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Student-run a cappella group Ladies First prepares for 'Spring Showcase'


Senior Hannah Naddy belts during Ladies First's rehearsal of "I Wanna Dance With Somebody" by Whitney Houston. Ladies First, one of IU's a cappella groups, rehearsed Monday, March 5, in the Simon Music Center.  Matt Begala Buy Photos

Ladies First, IU’s all-female a cappella group, will perform its “Spring Showcase” at 8 p.m., March 23, at the Buskirk-Chumley Theater. 

The award-winning group has produced six albums and has been feature at events such as IU Dance Marathon, the Indiana Governor's Conference for Women, and more, according to their website.

The groups two-hour March 23 program will include songs such as “Hymn for the Weekend” by Coldplay, “Superstition” by Stevie Wonder and “I Wanna Dance with Somebody” by Whitney Houston, as well as songs by Carrie Underwood, Little Big Town, Alicia Keys and from the Broadway show "Dear Evan Hansen." The show will honor seniors with a solo performance. It is the last show many of them will participate in.

The group is advised by Constance Cook Glen, director of music in general studies at the Jacobs School of Music. However, Elise Castro, business director of Ladies First, said the group produces every element of the show themselves, including arranging their own covers. 

Hannah Naddy, senior and music director of Ladies First, said while most of the singers have musical experience, the group's more senior members will train less experienced singers who may not yet have proficiency in skills such as reading music.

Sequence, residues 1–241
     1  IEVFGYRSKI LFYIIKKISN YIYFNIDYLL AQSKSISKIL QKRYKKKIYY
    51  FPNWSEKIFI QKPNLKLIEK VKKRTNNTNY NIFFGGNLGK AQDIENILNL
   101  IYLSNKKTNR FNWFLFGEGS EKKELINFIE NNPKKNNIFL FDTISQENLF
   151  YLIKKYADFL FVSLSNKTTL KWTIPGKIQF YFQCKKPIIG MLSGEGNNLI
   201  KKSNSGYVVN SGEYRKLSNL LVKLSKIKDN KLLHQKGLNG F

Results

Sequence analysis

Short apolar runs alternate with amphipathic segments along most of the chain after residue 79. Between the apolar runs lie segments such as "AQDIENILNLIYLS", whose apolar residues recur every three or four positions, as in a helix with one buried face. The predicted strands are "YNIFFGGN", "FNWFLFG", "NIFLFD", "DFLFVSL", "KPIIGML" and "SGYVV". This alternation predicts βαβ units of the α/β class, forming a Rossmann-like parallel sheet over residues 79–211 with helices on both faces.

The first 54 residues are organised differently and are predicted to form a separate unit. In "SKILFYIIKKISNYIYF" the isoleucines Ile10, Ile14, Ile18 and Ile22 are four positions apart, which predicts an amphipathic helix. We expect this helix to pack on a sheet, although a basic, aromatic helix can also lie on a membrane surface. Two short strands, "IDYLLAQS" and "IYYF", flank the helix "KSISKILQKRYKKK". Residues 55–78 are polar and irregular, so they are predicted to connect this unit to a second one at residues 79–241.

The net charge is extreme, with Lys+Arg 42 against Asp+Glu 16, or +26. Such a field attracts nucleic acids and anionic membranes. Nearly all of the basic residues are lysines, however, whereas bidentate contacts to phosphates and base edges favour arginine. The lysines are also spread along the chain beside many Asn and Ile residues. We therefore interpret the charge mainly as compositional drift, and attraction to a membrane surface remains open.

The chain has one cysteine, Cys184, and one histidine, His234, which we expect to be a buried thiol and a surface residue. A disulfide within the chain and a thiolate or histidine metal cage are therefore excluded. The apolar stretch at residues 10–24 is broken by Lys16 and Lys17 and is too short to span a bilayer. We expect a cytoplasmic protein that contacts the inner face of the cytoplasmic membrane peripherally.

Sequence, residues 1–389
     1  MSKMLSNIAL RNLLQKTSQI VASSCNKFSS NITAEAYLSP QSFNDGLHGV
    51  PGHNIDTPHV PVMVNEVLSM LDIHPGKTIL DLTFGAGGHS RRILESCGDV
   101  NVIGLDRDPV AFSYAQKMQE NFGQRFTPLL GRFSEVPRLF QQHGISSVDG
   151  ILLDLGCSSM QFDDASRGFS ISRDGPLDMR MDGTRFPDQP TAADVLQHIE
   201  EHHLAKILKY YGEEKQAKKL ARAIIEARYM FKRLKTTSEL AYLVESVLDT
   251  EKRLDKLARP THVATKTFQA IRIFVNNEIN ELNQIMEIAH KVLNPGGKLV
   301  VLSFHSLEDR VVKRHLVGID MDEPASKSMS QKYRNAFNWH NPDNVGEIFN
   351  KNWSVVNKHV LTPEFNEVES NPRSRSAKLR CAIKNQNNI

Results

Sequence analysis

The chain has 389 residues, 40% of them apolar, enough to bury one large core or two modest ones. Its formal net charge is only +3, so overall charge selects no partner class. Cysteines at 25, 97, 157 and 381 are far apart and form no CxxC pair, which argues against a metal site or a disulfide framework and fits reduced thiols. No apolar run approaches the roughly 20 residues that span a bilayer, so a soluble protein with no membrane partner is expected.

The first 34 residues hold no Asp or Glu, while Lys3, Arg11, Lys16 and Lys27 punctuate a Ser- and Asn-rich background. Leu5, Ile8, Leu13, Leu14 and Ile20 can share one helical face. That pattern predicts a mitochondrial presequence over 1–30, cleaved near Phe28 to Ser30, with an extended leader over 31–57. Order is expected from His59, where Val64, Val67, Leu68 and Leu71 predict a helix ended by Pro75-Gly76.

Senior Monte Parker, the group’s music director, said she finds being a part of the group highly rewarding, also noting the real-world skills gained by producing, rehearsing and marketing a show.

“It’s my first term and I’m learning skills and they're really broadening my horizons about competent management, dealing with peers and interpersonal skills,” Parker said.  

The group, which generally practices seven hours a week and even more when they have a show coming up, is a significant time commitment for students not majoring in music. 

“We don’t have a single music student at all. The closest we get is arts management, music minors, theater minors,” said Naddy, who studies arts management. “We have neuroscience majors. We have business majors. We have arts management majors. We have journalism. We have accounting.”

Castro said that the students come from many different backgrounds out of a shared love for making.

“That’s something we really pride ourselves on,” Castro said.

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